Since about 14 October 1996 The defenders have included among the headlines on their front page a number of headlines appearing in recent issues of The Shetland Times as reproduced on the pursuers' web site. These headline are verbatim reproductions of the pursuers' headlines as so reproduced. A caller accessing the defenders' web site may, by clicking on one of those headlines appearing on the defenders' front page, gain access to the relative text as published and reproduced by the pursuers. Access is so gained and subsequent access to other such headlines also gained without the caller requiring at any stage to access the pursuers' front page.

Thus, access to the pursuers' items (as published in printed editions and reproduced by them on their web site) can be obtained by by-passing the pursuers' front page and accordingly missing any advertising material which may appear on it.

In this action the pursuers seek declarator that the defenders' actings constitute an infringement of copyright owned by them. The case came before me on the pursuers' motion for interim interdict.

The grounds of action are twofold. The pursuers maintain that the headlines made available by them on their web site are cable programmes within the meaning of section 7 of the Copyright, Designs and Patents Act 1988 ('the Act'), that the facility made available by the defenders on their web site is a cable programme service within the meaning of section 7 and that the inclusion of those items in that service constitutes an infringement of copyright under section 20 of the Act. The pursuers also maintain that the headlines are literary works owned by them and that the defenders' activities constitute infringement by copying under section 17 of the Act, the copying being in the form of storing the works by electronic means.

Miss Milligan for the pursuers maintained that in respect of each of those grounds of action the pursuers had a prima facie case and that the balance of convenience favoured the grant of interim interdict. Mr MacLeod for the defenders maintained that the pursuers had no prima facie case on either ground and that the balance of convenience favoured the reftisal of interim interdict.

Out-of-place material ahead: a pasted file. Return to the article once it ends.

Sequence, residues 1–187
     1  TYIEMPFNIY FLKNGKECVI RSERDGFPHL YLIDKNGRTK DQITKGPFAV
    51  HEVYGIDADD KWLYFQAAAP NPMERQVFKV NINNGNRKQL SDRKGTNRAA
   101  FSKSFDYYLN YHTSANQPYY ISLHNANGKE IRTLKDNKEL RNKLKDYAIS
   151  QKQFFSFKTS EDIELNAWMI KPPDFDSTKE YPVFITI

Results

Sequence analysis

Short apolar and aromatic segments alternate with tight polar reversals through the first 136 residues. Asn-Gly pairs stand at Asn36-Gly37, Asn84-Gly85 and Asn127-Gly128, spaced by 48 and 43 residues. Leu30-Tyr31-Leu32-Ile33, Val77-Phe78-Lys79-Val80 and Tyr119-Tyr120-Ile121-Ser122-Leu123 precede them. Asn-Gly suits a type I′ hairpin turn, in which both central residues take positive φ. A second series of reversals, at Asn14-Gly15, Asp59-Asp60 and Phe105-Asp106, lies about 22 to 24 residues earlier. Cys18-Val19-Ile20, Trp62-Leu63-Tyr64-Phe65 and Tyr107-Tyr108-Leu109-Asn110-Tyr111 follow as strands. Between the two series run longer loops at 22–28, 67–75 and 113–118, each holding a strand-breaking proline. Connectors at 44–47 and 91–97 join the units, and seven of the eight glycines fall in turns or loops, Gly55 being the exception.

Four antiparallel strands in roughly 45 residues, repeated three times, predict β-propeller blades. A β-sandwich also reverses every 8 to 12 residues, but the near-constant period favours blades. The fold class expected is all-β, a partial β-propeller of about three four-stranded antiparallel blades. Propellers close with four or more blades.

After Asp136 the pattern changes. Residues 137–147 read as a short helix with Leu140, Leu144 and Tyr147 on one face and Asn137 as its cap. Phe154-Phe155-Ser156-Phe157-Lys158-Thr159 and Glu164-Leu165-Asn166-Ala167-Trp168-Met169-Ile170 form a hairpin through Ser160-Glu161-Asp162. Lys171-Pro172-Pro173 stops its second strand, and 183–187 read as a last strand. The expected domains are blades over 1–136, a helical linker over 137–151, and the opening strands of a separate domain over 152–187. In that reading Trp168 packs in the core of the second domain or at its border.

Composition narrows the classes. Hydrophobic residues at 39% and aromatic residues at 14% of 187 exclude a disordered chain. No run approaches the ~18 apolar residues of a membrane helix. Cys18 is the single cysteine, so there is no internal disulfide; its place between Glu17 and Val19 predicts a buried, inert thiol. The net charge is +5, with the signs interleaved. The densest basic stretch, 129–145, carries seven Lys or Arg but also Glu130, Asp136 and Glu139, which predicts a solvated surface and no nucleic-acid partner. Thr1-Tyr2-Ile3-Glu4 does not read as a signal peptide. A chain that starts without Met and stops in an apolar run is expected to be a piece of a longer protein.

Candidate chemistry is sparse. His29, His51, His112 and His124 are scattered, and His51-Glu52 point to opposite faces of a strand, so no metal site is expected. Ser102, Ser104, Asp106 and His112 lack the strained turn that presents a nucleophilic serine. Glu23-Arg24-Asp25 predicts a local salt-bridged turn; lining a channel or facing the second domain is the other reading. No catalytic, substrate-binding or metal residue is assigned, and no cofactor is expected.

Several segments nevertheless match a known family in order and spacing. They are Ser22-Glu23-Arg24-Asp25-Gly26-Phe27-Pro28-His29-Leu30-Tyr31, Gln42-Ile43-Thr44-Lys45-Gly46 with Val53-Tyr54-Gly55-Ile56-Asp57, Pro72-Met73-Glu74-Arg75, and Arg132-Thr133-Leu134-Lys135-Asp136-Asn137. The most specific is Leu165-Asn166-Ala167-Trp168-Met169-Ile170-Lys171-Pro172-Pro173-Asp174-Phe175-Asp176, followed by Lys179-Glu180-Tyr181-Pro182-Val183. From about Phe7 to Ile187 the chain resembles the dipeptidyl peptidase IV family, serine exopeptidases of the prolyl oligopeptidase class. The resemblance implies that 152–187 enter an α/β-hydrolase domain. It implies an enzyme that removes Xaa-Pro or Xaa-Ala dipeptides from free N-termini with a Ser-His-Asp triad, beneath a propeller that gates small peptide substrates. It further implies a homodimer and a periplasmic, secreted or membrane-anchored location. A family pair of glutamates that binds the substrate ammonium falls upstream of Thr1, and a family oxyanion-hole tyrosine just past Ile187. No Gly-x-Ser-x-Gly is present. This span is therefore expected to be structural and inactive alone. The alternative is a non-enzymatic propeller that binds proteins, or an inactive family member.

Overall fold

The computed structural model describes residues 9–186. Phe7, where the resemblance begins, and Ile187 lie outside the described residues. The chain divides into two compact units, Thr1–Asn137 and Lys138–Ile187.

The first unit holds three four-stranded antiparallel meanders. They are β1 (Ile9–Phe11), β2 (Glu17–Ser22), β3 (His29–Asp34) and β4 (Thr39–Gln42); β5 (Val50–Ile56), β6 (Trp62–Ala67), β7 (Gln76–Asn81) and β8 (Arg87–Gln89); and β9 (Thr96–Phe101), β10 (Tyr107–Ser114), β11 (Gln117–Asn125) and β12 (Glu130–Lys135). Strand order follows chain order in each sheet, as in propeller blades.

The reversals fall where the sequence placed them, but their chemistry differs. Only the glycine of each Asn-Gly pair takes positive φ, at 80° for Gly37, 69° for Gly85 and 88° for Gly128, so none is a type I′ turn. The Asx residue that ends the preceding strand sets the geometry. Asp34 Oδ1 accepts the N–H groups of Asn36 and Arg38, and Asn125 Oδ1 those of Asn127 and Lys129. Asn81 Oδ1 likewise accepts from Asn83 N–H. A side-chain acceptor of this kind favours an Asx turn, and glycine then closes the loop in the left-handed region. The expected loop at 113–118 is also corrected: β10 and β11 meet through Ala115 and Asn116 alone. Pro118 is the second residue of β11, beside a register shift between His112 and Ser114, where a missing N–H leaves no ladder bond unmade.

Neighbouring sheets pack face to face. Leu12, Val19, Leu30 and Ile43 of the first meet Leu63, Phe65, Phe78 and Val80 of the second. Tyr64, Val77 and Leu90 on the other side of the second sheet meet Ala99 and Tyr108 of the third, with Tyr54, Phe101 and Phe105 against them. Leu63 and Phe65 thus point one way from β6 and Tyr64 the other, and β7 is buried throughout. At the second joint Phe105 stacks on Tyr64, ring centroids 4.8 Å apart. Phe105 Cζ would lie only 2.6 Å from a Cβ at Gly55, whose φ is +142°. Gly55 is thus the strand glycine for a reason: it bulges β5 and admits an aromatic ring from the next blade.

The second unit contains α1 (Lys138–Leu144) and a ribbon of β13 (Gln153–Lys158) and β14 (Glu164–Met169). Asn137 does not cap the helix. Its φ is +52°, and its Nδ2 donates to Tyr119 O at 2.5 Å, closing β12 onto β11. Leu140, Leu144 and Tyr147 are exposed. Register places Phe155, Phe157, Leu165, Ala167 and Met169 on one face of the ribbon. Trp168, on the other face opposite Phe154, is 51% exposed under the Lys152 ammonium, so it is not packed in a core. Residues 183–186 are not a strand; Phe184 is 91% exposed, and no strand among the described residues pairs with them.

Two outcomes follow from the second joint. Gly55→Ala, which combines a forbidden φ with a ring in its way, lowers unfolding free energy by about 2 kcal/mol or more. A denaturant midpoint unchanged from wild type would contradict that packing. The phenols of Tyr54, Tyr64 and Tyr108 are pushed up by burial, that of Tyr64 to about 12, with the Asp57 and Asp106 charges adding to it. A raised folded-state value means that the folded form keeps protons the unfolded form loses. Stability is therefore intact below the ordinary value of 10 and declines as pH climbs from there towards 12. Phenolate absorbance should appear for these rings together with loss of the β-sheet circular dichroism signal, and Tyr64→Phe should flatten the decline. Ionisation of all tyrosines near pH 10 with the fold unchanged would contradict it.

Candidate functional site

Mr MacLeod did not dispute that copyright subsisted in the pursuers in the text of items appearing in the printed editions of The Shetland Times and in such texts therefrom as appeared on the pursuers' web site. It was acknowledged that these were literary works. It was, however, maintained that no copyright subsisted in the headlines. I shall return to that issue in due course. The principal argument before me related to the alleged infringement under section 20. This turned essentially on an interpretation of section 7. That section, by sub-section (1), defines 'cable programme' as meaning 'any item included in a cable programme service' and defines 'cable programme service as meaning - 'a service which consist wholly or mainly in sending visual images, sounds or other information by means of a telecommunications system, otherwise than by wireless telegraphy, for reception -